“I know it’s a conference, but I want you guys to just forget me, it’s okay.”
When Ho Chie Tsai, the creator of TaiwaneseAmerican.org and maker of the “Stinky Tofu Walks Alone” T-shirts said this at the start of his workshop at the ITASA 2010 East Coast Conference held at MIT, people laughed nervously, wondering what the catch was. It seemed a little self-defeating to tell people at a conference you wanted them to forget you.
What was his point then? “I’ve been at a lot of conferences, pretty much forgotten who spoke where. You remember the people you meet, your impression of the conference,” Tsai said. And the impression he wants us to have? “If you remember anything from this talk, at least remember the three P’s–passion, purpose and people.”
Passion is “the thing you can’t live without,” the thing that drives you. Remember Tyson Mao? As a contestant on The CW’s reality show “Beauty and the Geek,” Mao was introduced as the Rubik’s Cube master. As Tsai describes, “the moment he was walked in, you could see he was passionate about Rubik’s cubes” and about teaching it to these “beauties” who knew next to nothing about it.
Purpose involves the things that you do, the “actions that lead you in a meaningful direction.” Have a focused vision, like Justina Chen Headley, a leading Asian American author who collaborated with organizations to donate portions of her books sales to help teens. Without purpose, you’re just another person out there floating along not knowing what to make out of life.
And lastly, people. Anyone can think about passions and have a purpose, but without knowing the community you want to impact, you’re just another dreamer lost in a sea of grandiose ideas. It’s important to connect—to do something that others can relate to and understand. Otherwise, there’s no one around to receive your message.
It felt like a typical motivational speech, not too impressing at first. But then Tsai did an exercise. Everyone pulled out a piece of paper and wrote in three separate columns our 3 P’s—pretty standard stuff to get us thinking. But that wasn’t all. Then he asked a member of the audience to simply introduce herself. She said she was a sophomore at MIT, majoring in International Relations—a standard intro you’d expect from a college student. Then he took her paper and said, “Wouldn’t it sound better if I said ‘Hi, my name is ___. My life mission is to assume leadership roles, pro-actively bringing people together to take action on anti-tobacco advocacy.’ Doesn’t that give you a whole new impression of what kind of person I am?”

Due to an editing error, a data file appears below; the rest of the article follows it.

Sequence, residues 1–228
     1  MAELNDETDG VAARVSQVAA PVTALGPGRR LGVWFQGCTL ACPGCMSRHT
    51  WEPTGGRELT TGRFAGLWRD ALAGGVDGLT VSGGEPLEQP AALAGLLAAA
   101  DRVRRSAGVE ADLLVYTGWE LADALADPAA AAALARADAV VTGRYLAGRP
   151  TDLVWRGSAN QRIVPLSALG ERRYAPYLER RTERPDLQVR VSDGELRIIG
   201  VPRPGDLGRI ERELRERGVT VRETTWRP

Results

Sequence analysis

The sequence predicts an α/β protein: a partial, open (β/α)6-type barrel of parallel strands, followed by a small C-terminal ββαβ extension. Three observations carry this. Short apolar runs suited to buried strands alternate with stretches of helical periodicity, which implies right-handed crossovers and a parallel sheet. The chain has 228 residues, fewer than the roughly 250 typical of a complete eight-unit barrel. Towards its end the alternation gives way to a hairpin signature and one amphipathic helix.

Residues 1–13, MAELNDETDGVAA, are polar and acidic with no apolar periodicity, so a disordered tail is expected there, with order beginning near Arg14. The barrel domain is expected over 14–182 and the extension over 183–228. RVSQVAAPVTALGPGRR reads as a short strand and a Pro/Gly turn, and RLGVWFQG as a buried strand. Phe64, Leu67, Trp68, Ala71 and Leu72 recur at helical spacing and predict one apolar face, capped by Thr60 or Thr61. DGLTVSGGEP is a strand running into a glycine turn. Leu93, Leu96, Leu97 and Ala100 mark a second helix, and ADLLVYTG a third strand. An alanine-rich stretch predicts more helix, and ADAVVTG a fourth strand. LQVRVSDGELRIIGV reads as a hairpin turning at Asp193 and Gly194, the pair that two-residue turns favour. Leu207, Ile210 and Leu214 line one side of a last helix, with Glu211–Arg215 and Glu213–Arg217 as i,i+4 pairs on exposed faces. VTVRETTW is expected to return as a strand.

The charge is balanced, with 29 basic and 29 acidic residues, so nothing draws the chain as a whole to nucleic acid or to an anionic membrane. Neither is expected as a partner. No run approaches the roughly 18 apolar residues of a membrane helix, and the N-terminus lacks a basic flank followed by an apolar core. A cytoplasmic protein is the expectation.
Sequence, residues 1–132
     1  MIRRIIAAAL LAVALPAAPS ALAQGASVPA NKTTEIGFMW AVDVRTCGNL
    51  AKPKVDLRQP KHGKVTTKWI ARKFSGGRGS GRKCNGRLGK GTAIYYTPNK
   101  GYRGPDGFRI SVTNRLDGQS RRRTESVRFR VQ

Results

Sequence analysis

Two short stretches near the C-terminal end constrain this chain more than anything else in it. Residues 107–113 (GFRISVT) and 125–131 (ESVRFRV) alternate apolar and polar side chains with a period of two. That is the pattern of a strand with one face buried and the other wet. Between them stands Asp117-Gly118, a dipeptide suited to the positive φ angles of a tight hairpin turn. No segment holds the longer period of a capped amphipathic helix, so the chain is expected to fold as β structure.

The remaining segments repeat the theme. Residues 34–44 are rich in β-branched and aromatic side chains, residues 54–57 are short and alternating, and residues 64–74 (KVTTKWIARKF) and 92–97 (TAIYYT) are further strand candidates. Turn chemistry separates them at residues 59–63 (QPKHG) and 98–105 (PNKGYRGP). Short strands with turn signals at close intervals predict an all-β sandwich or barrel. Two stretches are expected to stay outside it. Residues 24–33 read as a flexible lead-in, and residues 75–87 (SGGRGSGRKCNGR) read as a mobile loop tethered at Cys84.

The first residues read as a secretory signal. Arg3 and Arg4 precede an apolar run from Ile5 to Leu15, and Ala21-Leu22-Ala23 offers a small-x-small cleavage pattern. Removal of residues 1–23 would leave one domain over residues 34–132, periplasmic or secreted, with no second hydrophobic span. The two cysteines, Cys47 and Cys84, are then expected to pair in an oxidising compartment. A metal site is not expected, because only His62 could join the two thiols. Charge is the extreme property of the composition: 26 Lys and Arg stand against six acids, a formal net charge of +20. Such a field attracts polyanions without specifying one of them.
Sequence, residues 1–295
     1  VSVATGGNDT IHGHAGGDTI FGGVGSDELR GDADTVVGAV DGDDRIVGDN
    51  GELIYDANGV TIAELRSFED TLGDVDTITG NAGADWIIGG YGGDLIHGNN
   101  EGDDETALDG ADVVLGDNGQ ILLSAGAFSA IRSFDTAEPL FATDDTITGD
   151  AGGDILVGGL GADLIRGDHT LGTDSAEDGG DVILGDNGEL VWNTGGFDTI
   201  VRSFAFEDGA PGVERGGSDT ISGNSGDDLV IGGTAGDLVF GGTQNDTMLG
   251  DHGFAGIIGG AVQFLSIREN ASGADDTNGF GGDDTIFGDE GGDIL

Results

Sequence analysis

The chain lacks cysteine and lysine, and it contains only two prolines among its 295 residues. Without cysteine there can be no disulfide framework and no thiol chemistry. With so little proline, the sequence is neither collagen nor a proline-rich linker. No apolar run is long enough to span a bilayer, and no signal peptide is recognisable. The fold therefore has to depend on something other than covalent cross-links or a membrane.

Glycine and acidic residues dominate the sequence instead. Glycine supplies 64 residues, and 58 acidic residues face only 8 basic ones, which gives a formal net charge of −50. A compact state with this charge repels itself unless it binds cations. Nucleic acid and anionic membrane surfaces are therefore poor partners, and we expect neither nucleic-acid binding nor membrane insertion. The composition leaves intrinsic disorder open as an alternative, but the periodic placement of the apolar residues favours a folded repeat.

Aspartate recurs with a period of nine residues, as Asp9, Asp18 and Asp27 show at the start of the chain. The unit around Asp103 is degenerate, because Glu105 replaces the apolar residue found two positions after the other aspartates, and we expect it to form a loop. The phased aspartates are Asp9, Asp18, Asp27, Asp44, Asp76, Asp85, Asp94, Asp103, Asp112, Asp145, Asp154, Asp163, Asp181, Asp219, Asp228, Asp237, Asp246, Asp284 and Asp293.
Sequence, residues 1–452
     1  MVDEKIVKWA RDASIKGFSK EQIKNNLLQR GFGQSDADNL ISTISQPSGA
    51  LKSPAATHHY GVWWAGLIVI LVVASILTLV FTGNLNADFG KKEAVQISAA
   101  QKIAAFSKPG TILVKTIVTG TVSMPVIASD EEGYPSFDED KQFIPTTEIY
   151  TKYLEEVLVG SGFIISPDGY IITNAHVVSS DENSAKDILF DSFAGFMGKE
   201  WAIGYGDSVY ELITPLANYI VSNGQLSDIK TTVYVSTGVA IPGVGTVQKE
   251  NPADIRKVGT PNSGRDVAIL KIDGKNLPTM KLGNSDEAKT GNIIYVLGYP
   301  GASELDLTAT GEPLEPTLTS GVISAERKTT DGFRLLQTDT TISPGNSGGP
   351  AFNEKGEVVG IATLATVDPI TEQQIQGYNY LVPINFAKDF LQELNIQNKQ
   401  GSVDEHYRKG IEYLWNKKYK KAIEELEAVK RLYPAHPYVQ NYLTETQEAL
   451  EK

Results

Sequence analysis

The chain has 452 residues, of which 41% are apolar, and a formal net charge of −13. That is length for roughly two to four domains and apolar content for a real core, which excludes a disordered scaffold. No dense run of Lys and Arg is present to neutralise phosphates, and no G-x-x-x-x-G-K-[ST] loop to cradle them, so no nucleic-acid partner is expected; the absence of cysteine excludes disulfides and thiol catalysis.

The difference was striking. You hear introductions all the time, but to hear it aloud so differently because of one simple change in focus, was amazing. As Tsai said, everyone has “personal passions to live for, and unique ways to achieve them.” We just have to change the labels we fit ourselves into, and instead, showcase our passions, our purpose in life, and the people we want to impact. Once we change how we define ourselves, others will start to see us in a new action-driven light. And that is the first step to empowerment.
Ho Chie Tsai will be speaking again at the ITASA West Coast Conference, which will be held at University of California, San Diego, from April 1-4, 2010. Check out ucsd.itasa.org for more info.